Written by Amy Beecham

What’s the difference between unanswered messages and being micro-ghosted? A dating expert explains. 

When it comes to being ghosted, we tend to think about it on a macro scale. It’s all about the big, painful experience: weeks of talking before you never hear back again, an intimate sexual encounter but then they vanish without a trace.

But the truth is, it doesn’t always go that way. Often, as is the way with human connection and socialisation, it’s the subtle clues that we need to take note of. Small, silent brush-offs that happen so frequently that we don’t even bat an eyelid. Avoiding discussing the future. Never giving a yes or no answer. Your partner changing the subject when you try to bring up something emotional.

This means that, unfortunately, we’re probably being “micro-ghosted” way before the real thing happens, and we don’t even realise it.

According to dating app Badoo, over half of singles (58%) admit to having ghosted someone in the past, with the top reasons for doing so being to avoid awkward conversations and because it feels like the easier option. With traditional ghosting, messages go ignored, accounts become blocked and you resign yourself to the fact that you’ll likely never see nor hear from that person again.

But while the actions of a micro-ghoster may seem insignificant on their own,according to Mandy Mee, a dating coach and founder of the MME Agency, it’s the combination of these small-scale yet regular rebuffs that make the experience so painful.

“Full-blown ghosting is uncivil, but at least the ghoster shows a level of immaturity by taking the easy way out and never returning,” she tells Stylist. “Whereas with micro-ghosting, there’s an element of narcissism: it’s as though the ghoster has mixed intentions and wants control over the type of relationship they have with you instead of having the courage to express how they genuinely feel.

“Even though they ignore you for days or do not want you around, they still want access to you, hence the need to respond in their own time. It’s like breadcrumbing: they show a little engagement, flirt, but never truly commit to either a lengthy conversation or want to meet up.”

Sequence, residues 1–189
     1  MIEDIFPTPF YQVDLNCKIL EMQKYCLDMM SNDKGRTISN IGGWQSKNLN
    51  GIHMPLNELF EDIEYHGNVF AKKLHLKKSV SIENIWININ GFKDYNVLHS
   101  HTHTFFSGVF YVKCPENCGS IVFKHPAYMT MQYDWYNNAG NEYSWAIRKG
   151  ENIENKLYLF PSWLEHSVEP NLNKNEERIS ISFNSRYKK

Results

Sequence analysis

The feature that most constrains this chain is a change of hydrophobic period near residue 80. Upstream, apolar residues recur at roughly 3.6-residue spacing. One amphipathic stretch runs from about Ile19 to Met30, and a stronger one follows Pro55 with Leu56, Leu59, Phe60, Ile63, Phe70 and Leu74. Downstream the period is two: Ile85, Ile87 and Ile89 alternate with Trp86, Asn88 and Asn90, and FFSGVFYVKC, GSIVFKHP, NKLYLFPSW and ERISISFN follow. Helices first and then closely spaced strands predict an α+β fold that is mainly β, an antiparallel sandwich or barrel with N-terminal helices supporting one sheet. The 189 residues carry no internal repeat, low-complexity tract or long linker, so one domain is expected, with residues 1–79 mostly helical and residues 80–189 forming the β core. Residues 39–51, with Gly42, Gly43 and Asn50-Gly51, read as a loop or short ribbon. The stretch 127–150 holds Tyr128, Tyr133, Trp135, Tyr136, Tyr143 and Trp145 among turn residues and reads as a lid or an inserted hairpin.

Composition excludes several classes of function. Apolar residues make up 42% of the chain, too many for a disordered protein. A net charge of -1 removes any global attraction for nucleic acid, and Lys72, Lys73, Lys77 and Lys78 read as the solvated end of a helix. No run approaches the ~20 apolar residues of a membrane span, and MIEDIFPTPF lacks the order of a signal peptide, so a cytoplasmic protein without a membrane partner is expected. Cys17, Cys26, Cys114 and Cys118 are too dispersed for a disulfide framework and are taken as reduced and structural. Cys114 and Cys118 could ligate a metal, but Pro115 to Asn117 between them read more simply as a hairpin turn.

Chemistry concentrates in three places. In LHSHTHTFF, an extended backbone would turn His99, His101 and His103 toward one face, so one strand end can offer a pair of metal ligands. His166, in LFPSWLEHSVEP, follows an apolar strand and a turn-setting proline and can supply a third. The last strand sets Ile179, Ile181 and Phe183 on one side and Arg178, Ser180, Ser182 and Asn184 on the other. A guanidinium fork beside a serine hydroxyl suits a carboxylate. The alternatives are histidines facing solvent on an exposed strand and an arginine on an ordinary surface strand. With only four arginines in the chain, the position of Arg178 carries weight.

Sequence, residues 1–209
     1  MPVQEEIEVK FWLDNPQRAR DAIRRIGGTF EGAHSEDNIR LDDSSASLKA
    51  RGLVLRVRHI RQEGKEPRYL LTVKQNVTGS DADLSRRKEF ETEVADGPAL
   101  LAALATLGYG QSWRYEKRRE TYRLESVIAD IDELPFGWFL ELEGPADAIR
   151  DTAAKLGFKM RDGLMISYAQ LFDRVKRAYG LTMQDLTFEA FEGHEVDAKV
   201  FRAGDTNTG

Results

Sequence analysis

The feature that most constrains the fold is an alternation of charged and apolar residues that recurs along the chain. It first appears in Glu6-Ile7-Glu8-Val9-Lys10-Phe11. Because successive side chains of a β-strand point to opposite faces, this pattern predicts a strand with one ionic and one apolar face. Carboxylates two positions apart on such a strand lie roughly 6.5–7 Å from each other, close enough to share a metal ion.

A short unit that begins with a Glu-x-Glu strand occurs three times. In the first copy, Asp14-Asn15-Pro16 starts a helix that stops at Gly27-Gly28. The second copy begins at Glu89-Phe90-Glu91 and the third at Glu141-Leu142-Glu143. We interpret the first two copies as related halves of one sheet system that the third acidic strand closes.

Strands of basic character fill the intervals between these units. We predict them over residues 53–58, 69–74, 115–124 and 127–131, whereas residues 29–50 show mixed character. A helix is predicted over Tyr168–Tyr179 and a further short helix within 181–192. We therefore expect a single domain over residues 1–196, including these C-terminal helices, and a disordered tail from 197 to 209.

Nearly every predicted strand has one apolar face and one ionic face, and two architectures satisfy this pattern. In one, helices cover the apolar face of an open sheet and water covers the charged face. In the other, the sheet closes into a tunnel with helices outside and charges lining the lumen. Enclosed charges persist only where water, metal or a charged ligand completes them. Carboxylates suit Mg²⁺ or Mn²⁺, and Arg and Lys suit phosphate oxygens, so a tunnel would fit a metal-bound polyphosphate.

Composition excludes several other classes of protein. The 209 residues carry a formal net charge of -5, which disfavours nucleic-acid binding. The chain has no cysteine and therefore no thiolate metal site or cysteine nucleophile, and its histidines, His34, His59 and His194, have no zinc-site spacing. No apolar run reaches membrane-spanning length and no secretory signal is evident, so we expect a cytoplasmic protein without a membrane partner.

However, the frustration of not knowing where you stand is undoubtedly the hardest part of being micro-ghosted.

“When the ghosted is ignored and left on read for days or hasn’t received a response to their missed call, it can get frustrating, more so when the ghoster reverts to excuses such as being busy yet they seem to have time to remain active on social media,” agrees Mee.

And although micro-ghosting is a term often used in reference to romantic relationships, it’s also extremely common – and equally as uncomfortable –among friendships, family and professional relationships. Yet Mee insists it’s disrespectful in any context.

“It not only shows the ghoster lacks emotional intelligence, it’s clear they have no value for the person they micro-ghost,” she says. “The worst part about this form of soft-ghosting is when the ghosted has invested so much time and emotion into the relationship.”

So can it ever be forgiven?

Are you being “micro-ghosted” without realising?

“Micro-ghosting can be forgiven if it’s not a recurring issue,” says Mee. “People who have a tendency to micro-ghost may be so busy with their day that they see your messages or missed calls, process the information but fail to respond in a timely fashion and during the course of their busyness, they forget to reply.

However, if it’s a recurring issue then she says it’s a red flag that requires firm boundaries.

“The effects of micro-ghosting are similar to the effects of full-blown ghosting, if not the same. Micro-ghosting can have a negative impact on one’s mental health and can lead to low self-esteem, a loss of confidence, anxiety attacks and severe insecurities.”

And if you have been on the receiving end of micro-ghosting, your best bet is to face reality in an honest, mature way.

“Accept what is and begin the healing process to move on by first, sending a text if you feel you require some sort of closure,” Mee advises. “No response is a response and will make it easier for you to find closure. If, however, they do respond, I urge you to close that chapter with a definitive message to avoid a pattern.”

Images: Getty

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